• Sleep when you can and every time your baby sleeps. Getting more rest will help you to cope.

  • Ask for help with your baby and household chores.

  • Find someone to talk to who is a really good listener.

  • Try to accept and express negative feelings and thoughts. Think about keeping a journal.

  • Encourage yourself to think positively – write down the good or funny things that happen to remind yourself of them during bad moments.

 

If you find yourself feeling close to the breaking point, having a lot of trouble dealing with day to day activities, crying a lot, having trouble eating and sleeping, or feeling all your relationships are in trouble, it's time to get some outside help. Discuss this with your physician or health care provider. Don't hesitate.

In addition, you may want to contact a service, like Postpartum Adjustment Support Services-Canada. If you are in Canada, call 1-800-897-6660 for information on services near you. The earlier these problems are treated, the easier it will be on you, your baby and your family.

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Birth Control - Natural Methods

by Maxine
Posted August 19 2010 02:38pm
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Natural methods do not use chemicals or barriers to prevent pregnancy. Natural methods include abstinence from intercourse, fertility awareness methods (FAM), lactational amenorrhea method (LAM) and withdrawal.

Fertility Awareness Method (FAM)

This method involves the couple charting Mom's fertility signs to determine when she is fertile. The fertility signs used include Mom's waking temperature, cervical fluid and position of her cervix. Couples can choose to abstain from intercourse at the time of Mom's fertility or to use a barrier method at this time. This method may also be used to help a couple plan a pregnancy.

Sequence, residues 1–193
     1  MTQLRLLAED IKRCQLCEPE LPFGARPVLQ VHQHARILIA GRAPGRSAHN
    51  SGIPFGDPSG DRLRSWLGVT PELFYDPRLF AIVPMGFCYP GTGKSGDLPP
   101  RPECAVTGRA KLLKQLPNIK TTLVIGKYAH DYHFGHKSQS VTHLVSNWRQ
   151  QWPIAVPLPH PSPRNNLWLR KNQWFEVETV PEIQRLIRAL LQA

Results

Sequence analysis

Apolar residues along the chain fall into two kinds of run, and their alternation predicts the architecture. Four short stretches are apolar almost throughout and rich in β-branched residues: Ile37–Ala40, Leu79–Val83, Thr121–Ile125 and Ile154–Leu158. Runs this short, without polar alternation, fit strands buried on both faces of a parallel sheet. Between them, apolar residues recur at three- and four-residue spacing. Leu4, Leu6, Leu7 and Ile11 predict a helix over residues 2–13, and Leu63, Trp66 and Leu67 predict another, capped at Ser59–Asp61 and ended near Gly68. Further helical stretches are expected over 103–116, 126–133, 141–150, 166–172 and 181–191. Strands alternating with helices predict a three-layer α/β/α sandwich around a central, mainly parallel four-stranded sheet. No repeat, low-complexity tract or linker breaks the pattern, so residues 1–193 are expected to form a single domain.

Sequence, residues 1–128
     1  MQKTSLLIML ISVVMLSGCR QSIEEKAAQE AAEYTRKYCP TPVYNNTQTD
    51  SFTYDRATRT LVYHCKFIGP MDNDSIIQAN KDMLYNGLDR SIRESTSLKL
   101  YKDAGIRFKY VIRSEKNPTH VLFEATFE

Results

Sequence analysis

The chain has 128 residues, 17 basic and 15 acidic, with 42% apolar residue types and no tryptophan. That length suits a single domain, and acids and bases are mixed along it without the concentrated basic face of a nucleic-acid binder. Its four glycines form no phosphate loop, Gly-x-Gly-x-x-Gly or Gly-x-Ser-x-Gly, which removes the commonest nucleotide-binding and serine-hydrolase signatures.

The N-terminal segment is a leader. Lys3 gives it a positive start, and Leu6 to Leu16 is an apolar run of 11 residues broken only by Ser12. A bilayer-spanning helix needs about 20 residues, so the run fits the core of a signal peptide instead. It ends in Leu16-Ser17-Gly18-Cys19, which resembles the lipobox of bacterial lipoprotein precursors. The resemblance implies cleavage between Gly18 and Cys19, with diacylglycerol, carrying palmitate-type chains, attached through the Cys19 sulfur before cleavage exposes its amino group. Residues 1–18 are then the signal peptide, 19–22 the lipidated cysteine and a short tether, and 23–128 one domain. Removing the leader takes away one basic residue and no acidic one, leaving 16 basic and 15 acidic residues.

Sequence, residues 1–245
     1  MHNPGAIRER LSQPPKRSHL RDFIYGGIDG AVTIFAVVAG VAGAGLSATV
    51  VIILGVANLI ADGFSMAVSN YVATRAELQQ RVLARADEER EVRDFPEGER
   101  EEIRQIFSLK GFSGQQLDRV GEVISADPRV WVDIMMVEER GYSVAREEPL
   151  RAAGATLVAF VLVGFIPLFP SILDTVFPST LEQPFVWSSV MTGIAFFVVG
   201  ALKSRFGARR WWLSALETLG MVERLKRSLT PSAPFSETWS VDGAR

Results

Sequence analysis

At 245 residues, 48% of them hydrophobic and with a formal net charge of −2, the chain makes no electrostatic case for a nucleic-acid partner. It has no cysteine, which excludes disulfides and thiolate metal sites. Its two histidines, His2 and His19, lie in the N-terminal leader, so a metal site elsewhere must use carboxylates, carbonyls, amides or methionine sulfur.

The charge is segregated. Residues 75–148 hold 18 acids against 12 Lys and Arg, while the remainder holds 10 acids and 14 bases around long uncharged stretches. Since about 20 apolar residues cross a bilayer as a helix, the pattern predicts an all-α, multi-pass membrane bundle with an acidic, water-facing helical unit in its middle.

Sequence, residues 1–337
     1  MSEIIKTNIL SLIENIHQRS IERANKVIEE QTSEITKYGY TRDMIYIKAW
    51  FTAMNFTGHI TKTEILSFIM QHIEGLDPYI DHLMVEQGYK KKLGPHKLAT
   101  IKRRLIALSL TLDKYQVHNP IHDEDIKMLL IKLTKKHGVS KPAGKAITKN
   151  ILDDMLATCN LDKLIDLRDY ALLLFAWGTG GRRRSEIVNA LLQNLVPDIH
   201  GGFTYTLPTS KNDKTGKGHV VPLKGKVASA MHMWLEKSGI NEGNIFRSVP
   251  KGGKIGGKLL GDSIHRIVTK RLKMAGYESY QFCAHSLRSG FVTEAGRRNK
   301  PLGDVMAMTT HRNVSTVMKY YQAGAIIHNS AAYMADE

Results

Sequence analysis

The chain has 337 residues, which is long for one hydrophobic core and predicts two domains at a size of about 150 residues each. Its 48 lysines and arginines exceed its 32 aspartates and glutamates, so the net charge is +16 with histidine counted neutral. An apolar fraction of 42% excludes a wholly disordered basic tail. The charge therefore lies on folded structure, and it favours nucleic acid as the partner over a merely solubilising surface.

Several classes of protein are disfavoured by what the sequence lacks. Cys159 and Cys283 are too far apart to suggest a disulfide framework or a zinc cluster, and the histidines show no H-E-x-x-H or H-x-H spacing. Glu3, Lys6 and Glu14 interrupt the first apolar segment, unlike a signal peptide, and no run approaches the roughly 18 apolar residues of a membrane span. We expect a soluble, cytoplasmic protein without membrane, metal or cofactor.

Effectiveness:
The effectiveness rate is about 90% if a motivated couple uses the method consistently and abstains during a Mom's fertile phase.

Benefits:

  • Promotes communication and responsibility between the couple.
  • Has no health risks or side effects.
  • May increase a woman's awareness and understanding of her body.
  • Has minimal costs- only the purchase of a basal thermometer (Glossary term: Basal thermometers are very sensitive thermometers that can detect the smallest shift in the body’s temperature. and charts to plot her symptoms.) and charts to plot her signs of fertility.

      
Limitations:

  • Failure rate is higher than some other methods of contraception.
  • Requires time to take a class or read a book about the principles of FAM.
  • Takes about 2 menstrual cycles for Mom and Dad to become comfortable with applying the principles.
  • Requires commitment and cooperation from Dad.
  • May be challenging and less reliable when breastfeeding due to periods of fertility.
     

Lactational Amenorrhea Method (LAM) or Breastfeeding Method

Breastfeeding can act as a natural form of child spacing The hormones that are released during breastfeeding can prevent ovulation. For this method to work effectively for a couple, all three of the following conditions must be met: 1.Mom must be breastfeeding her baby exclusively; 2. Mom's menstrual period has not returned; and 3. Their baby is less than 6 months old. Exclusive breastfeeding means that mom is not giving baby anything other than her breast milk, every 4 hours or less.
 
Effectiveness:
LAM is 85% effective if the criteria listed above are followed consistently.
 

Benefits:

  • No health risks to Mom.
  • No prescription is needed.
  • No cost of supplies
  • Mom can use this method before her 6 week medical check-up.
  • This method can be combined with Fertility Awareness Methods.

Limitations:

  • Mom is not protected against sexually transmitted diseases.
  • Once their baby is not exclusively breastfed at least every 4 hours or less, Mom's period returns, or their baby is 6 months old, then Mom and Dad need to use another method of birth control.
     

 There are other methods of birth control. Learn More >>